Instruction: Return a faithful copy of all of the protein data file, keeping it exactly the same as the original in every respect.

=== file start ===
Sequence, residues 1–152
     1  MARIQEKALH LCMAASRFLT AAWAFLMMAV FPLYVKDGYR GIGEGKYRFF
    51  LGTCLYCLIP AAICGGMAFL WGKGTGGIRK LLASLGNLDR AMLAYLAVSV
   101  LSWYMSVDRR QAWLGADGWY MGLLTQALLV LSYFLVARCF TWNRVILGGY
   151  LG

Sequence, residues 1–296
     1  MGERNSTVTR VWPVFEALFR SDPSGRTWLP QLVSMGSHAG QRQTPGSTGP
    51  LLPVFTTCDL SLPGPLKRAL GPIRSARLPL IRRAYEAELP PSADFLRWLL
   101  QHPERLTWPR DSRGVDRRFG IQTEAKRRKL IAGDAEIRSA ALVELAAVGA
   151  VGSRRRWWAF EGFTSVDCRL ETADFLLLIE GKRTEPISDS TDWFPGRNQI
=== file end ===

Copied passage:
Sequence, residues 1–152
     1  MARIQEKALH LCMAASRFLT AAWAFLMMAV FPLYVKDGYR GIGEGKYRFF
    51  LGTCLYCLIP AAICGGMAFL WGKGTGGIRK LLASLGNLDR AMLAYLAVSV
   101  LSWYMSVDRR QAWLGADGWY MGLLTQALLV LSYFLVARCF TWNRVILGGY
   151  LG

Sequence, residues 1–296
     1  MGERNSTVTR VWPVFEALFR SDPSGRTWLP QLVSMGSHAG QRQTPGSTGP
    51  LLPVFTTCDL SLPGPLKRAL GPIRSARLPL IRRAYEAELP PSADFLRWLL
   101  QHPERLTWPR DSRGVDRRFG IQTEAKRRKL IAGDAEIRSA ALVELAAVGA
   151  VGSRRRWWAF EGFTSVDCRL ETADFLLLIE GKRTEPISDS TDWFPGRNQI